New Delhi has also identified 14 perennial flood-prone sectors in Assam. “The worry is that the flood-damage in Assam is increasing, and if a check on human activities in the catchment areas of the Brahmaputra in the upstream regions is not done, the impact will be deadly,” says Himanshu Thakkar of the South Asia Network on Dams, Rivers and People.

The question then boils down to whether the funds have been utilised properly by Assam? In the June-July floods, the Gogoi-led government had asked for Rs 11,316 crore. The Centre obliged with Rs 500 crore. In the past 40 years, Assam has roughly spent no less that Rs 30,000 crore on flood-control and erosion. Then, where are the funds going?

“There is a nexus between the party in power, the contractors and bureaucrats,” says Manoj Borah, a youth leader who moved the Gauhati High Court on official apathy towards development of Majuli. “Floods and erosion allow pumping of funds, a major part of which is siphoned off.” After the 2004 floods, the Centre formed a task force, but most of its recommendations remain only on paper.

The state’s response is typical. “The second wave of floods is due to excessive rains in Arunachal Pradesh and a fresh wave of monsoon,” explains Water Resources Minister Rajib Lochan Pegu, also the MLA from Majuli. A joint survey by the Brahmaputra Board and the state water resources department identified 950 km of the embankment as “extremely vulnerable” and about 2,390 km as “vulnerable”.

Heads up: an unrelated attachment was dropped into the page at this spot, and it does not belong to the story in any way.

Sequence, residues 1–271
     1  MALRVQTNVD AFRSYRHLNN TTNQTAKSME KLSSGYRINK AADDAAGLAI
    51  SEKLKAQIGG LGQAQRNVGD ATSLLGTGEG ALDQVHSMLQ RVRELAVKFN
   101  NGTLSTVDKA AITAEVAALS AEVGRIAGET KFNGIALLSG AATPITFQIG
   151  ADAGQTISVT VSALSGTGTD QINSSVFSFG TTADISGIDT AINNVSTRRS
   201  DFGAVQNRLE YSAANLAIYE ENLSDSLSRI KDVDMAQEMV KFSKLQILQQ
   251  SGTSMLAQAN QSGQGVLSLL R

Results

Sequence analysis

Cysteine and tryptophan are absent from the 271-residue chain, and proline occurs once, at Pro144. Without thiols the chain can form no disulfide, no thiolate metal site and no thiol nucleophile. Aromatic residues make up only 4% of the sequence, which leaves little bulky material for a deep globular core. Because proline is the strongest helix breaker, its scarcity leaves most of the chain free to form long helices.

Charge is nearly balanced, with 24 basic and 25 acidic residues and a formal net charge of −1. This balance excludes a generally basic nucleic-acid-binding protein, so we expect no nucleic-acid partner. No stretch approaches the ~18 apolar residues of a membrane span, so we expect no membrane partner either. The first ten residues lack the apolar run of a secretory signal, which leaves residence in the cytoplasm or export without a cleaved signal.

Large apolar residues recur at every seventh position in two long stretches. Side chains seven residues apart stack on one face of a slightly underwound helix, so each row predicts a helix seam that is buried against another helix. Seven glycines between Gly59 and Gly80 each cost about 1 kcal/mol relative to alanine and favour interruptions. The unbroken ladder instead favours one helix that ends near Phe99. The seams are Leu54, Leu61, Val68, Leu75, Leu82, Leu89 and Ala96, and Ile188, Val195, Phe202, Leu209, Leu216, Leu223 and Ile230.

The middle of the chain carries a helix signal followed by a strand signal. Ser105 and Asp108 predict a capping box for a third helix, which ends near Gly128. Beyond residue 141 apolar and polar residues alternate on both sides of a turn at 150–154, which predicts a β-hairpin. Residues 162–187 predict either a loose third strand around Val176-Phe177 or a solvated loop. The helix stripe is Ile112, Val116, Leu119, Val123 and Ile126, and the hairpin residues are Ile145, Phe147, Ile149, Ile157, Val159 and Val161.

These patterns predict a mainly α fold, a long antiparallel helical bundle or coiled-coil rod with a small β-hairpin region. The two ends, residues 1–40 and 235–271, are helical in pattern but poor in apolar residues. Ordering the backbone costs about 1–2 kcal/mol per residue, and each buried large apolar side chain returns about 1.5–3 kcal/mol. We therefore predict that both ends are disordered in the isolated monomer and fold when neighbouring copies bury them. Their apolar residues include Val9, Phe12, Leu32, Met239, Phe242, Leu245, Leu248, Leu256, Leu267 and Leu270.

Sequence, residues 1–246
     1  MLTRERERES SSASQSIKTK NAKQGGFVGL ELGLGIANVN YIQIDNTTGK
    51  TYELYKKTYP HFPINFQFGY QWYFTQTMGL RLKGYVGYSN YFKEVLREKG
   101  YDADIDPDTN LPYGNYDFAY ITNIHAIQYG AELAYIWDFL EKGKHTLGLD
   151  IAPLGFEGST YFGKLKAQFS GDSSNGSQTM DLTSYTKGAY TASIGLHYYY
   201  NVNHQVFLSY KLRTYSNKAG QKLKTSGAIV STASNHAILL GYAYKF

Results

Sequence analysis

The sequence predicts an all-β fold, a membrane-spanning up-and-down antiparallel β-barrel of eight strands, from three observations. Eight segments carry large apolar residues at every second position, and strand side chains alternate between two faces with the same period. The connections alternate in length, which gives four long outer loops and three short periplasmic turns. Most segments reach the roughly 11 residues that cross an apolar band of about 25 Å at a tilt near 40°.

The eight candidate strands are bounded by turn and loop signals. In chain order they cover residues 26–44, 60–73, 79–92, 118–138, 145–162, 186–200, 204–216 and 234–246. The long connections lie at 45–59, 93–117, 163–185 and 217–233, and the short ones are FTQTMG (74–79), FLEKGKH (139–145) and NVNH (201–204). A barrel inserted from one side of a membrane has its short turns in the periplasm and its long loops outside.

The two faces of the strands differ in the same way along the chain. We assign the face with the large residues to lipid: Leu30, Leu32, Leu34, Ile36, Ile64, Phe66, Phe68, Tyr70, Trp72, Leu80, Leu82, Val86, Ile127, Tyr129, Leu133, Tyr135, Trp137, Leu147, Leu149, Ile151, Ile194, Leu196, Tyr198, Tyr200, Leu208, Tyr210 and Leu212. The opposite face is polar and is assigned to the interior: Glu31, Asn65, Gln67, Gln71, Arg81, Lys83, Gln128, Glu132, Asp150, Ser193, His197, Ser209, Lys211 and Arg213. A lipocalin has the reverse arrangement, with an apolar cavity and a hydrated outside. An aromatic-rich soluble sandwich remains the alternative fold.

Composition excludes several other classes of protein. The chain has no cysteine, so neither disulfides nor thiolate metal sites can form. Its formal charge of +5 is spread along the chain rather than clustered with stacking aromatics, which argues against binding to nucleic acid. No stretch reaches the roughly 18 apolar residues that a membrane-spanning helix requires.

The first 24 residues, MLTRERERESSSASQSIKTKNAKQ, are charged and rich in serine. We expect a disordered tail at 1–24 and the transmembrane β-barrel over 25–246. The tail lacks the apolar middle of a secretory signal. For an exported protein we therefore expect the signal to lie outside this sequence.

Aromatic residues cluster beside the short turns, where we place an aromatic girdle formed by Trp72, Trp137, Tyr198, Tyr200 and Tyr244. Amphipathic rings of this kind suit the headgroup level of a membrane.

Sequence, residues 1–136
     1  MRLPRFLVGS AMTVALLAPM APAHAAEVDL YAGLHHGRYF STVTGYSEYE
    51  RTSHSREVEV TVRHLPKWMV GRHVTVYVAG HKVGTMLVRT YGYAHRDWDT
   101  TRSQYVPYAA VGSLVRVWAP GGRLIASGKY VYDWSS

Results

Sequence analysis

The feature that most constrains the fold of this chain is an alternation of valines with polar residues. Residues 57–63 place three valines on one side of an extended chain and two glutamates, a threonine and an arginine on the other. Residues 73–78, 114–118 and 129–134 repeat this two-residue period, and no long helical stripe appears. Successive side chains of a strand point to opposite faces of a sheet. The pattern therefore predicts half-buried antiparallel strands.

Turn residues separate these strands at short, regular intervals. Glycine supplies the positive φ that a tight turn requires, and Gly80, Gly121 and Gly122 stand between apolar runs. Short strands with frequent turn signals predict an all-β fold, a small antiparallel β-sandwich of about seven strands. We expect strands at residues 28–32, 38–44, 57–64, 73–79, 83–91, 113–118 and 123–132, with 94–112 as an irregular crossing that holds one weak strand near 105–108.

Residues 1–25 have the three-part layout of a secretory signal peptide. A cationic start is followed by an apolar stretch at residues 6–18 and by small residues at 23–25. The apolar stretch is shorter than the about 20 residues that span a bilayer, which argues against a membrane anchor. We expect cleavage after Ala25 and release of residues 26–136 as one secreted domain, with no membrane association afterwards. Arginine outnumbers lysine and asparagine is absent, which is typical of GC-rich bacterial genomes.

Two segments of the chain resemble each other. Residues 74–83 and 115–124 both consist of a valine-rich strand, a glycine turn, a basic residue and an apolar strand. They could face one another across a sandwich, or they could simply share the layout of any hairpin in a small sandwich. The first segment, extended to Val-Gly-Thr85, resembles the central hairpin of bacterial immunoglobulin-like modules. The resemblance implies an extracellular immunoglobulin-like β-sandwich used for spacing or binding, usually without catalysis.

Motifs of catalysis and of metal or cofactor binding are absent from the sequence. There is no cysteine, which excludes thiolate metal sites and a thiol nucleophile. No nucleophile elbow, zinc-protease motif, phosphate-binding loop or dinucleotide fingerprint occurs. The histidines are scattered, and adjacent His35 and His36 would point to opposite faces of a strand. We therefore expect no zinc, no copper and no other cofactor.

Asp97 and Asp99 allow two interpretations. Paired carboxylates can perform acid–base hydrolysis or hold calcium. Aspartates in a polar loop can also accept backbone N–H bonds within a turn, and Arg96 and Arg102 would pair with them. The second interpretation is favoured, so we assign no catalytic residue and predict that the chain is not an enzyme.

After the July floods, the Gogoi government has asked New Delhi for Rs 3,460 crore for a complete overhaul of the embankments. The government also declared in the Rajya Sabha that of the 4,459 km of embankment around the Brahmaputra in Assam, 4,176 km were built before 1980 and their life span is over.

During the Gogoi rule, Assam received Rs 1,000 crore for managing floods from the Centre and $142 million from the ADB

Besides the damage caused to people, recurrent floods have also wreaked havoc on the rich wildlife of Assam. Over 600 animals died and over a 1,000 were displaced during the June-July floods from the Kaziranga National Park alone. Over the years, massive deforestation has caused over 3,000 wetlands in Assam to disappear. These held a sizeable amount of the floodwaters. Poachers have a field day every time the water flows above the danger level, forcing animals to flee to higher ground, which makes them more vulnerable. On 26 September, a rhino that had strayed from the Kaziranga National Park, was found with its horn and ears chopped off while it was still alive!

Though for rhetoric’s sake, flood and erosion control are focus areas of Tarun Gogoi, one wonders how many more floods it will take for that to translate into action.

Ratnadip Choudhury is a Principal Correspondent with Tehelka.